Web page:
No, the situation has not improved since I have last posted an update.
Yesterday’s mini inspection showed the same symptoms:
- Four bees seen with deformed wings;
- the varroa count on the board was 210 (over two days!);
- one wasp spotted (pathetically) trying to enter the hive and;
- the weight of the hive seemed O-K.
When I lifted the varroa board for an inspection, I saw the usual, comb bits, some fallen pollen, the mites… plus a little, young bee. The sweet, poor little bee was frozen stiff (in the 9°C) and couldn’t fly back into the hive. Other than that, it was a healthy bee, stuck in the wrong place, so I offered a friendly and warm finger for her to climb on, a helping hand I suppose. I quickly placed my finger right by the hive entrance, in hope that her strength will be enough to encourage her to join her sisters. And she did! Similarly to a very cold human, she gathered up her strength and willed her body to move into the hive v e r y s l o w l y . . .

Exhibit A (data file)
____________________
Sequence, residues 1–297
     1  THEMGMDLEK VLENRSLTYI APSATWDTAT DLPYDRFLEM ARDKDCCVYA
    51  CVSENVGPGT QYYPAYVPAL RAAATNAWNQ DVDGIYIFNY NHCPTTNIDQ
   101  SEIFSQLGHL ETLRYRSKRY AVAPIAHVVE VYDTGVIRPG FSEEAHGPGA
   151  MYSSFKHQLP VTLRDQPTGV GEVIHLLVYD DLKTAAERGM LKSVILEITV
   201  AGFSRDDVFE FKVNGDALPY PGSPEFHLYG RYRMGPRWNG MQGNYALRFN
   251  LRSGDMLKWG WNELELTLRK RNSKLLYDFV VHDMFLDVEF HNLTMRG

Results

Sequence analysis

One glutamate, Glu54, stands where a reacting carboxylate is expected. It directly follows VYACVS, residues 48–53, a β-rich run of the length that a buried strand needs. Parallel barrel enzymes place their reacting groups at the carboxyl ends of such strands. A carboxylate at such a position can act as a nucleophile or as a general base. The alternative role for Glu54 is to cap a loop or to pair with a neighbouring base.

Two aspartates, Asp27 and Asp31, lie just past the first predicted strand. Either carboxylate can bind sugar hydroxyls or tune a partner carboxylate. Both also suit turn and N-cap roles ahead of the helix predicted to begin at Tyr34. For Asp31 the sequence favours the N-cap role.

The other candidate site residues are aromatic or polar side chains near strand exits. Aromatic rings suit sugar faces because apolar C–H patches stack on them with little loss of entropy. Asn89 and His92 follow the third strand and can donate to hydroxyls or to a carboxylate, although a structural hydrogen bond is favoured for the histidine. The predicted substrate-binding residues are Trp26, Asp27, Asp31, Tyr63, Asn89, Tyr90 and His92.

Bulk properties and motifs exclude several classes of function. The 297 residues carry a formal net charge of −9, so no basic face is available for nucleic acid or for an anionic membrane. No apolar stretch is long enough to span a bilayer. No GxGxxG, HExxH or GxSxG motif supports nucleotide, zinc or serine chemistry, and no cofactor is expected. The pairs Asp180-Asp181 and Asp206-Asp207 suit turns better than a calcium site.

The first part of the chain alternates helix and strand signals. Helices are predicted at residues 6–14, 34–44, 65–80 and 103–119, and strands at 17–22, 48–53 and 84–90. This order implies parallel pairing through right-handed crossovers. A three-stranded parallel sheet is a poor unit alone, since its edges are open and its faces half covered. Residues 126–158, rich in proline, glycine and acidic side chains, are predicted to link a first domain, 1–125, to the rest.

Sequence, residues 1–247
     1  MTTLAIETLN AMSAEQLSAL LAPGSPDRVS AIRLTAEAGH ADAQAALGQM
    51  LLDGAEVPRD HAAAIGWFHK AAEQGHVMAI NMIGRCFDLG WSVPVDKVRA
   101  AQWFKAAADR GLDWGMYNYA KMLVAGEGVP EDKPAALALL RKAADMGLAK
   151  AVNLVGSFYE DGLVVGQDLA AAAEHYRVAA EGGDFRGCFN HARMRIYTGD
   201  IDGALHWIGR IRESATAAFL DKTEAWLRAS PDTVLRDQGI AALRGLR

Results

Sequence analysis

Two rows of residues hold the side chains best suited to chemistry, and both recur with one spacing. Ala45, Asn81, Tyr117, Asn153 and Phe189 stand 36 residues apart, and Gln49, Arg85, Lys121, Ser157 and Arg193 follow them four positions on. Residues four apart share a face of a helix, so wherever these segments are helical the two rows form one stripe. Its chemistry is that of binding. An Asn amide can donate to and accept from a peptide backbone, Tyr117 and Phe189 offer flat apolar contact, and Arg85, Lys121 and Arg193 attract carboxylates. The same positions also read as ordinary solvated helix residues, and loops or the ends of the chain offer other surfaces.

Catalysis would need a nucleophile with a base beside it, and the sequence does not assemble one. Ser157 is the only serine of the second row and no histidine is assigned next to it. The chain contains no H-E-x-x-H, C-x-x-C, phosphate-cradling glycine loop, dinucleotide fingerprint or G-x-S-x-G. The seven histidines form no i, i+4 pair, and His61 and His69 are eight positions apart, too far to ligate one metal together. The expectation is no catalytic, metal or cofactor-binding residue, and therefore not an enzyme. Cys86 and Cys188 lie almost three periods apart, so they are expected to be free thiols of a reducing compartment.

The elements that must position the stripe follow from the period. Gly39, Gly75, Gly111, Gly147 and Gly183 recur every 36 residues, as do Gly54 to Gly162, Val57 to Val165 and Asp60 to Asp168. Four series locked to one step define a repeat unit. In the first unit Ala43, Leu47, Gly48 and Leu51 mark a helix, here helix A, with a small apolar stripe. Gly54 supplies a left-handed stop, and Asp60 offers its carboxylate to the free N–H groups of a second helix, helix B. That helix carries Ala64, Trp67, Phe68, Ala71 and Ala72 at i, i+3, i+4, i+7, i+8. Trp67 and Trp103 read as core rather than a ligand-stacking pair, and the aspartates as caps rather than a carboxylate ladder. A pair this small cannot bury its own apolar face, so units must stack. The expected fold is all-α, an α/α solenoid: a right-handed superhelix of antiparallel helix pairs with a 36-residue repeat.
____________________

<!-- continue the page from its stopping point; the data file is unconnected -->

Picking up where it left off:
Success ! I had saved one of my bees from the cold!
But wait, as I was stumbling to look at the hive from underneath, through the open mesh floor, there was yet another bee. This one was clinging onto the mesh, trying to fit through the holes to join the cluster that had formed, but of course, the task was impossible – the holes are designed to be too small for bees to go through. And so here she was, also stiffening up on the underside of her home.
As this would have been a somewhat blind operation, I put on my glove and started feeling my way to the bee, trying to get her onto my hand. This time, the bee practically fell, into my leather palm, turned up right and stayed still – also cold. To get this little female into the entrance, I had to practically shove her by the bum into the opening, always gently of course. I believe this bee was close to giving up as even after landing on her doorstep, she could not move. Soon after I placed her there, others came to see to her, gently stroking her with their antenna, warming her up and helping her recover from the shock, before helping her back into the main cluster.
My bees consistently remind me of virtues I should always have in my own life. Observing the little things and taking the time to absorb my surroundings (if I didn’t take the time to look under the hive, I would have not seen the helpless bee). Having patience and being gentle with the weak, especially if you are a giant compared to them. Finally, yesterday, my bees reminded me of how important my family is and how important it is to care for them when they reach out to you.